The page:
The Machine: A Hot Team, a Legendary Season, and a Heart-stopping World Series: The Story of the 1975 Cincinnati Reds
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The Machine: A Hot Team, a Legendary Season, and a Heart-stopping World Series: The Story of the 1975 Cincinnati Reds

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3.97 of 5 stars 3.97  ·  rating details  ·  749 ratings  ·  77 reviews
There are memorable teams in baseball—and then there are utterly unforgettable teams like the 1975 Cincinnati Reds. From 1972 to 1976, the franchise known as the Big Red Machine dominated the National League, winning four division crowns, three league pennants, and two World Series titles. But their 1975 season has become the stuff of sports legend.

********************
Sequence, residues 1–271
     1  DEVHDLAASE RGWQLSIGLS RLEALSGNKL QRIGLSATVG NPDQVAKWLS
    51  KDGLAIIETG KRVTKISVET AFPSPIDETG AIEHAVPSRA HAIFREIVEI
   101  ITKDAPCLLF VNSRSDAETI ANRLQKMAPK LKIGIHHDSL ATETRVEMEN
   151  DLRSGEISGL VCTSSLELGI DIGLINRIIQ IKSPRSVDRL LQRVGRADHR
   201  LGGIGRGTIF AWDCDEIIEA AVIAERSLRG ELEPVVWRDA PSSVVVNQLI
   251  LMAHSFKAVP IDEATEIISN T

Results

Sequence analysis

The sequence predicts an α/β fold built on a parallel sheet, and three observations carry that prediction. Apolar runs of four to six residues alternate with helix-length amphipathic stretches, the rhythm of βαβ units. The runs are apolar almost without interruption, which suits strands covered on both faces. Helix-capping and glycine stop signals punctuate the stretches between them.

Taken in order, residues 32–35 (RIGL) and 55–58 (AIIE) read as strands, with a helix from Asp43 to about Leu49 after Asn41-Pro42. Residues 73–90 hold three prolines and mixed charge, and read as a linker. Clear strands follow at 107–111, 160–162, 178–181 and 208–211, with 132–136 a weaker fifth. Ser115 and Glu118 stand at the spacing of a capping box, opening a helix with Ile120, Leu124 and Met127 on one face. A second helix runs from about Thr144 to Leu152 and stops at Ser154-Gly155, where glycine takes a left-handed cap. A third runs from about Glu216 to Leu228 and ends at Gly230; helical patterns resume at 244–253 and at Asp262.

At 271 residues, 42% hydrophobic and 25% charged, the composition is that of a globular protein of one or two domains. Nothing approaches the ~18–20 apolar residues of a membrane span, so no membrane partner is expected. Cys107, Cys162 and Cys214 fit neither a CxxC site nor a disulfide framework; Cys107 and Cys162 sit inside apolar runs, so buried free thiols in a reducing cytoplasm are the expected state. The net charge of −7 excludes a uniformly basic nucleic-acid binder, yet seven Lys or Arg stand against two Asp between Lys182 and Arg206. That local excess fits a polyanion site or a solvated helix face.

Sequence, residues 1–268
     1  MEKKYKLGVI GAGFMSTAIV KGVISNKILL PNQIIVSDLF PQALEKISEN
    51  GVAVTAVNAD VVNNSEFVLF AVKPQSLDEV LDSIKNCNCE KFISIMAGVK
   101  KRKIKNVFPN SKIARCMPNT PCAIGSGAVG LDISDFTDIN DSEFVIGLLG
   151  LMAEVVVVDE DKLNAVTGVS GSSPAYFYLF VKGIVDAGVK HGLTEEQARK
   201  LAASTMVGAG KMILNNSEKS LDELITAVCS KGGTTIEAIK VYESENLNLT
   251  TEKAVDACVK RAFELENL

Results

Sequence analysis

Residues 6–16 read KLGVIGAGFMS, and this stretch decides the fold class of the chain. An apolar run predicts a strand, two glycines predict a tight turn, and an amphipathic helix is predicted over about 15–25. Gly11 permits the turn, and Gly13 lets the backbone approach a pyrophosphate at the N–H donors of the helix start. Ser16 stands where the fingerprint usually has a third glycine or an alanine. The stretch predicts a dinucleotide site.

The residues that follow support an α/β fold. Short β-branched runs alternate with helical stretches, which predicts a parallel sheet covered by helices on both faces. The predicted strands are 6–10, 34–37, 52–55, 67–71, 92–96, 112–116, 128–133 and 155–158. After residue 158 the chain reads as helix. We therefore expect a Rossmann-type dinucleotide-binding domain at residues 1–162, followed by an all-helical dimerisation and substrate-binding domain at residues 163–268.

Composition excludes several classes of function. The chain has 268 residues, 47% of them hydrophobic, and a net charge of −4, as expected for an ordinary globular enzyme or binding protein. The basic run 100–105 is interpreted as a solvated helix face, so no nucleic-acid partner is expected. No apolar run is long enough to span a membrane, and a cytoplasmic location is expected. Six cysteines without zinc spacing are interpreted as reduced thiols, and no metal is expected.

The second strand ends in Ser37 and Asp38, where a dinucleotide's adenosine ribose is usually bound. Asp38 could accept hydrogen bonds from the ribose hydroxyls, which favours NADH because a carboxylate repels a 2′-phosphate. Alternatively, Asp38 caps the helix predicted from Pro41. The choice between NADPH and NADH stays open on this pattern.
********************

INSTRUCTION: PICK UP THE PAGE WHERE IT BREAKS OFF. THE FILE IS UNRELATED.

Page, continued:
In The Machine, award-wi...more
Hardcover, 320 pages
Published September 15th 2009 by William Morrow (first published 2009)
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Brooks
I will start by saying that I don’t care about the 1975 Reds. They had played and retired by the time I was old enough to follow baseball, and I’ve only ever known Pete Rose as a gambler, and Joe Morgan as an announcer. For that reason I wasn't sure I would find this as enjoyable as Joe Posnanski's other writings. I needn't have worried. As you read, you feel like you’re on Joe Poz’s shoulder as he interviews these players for the book. It definitely reads like a memoir, not a documentary – and...more
James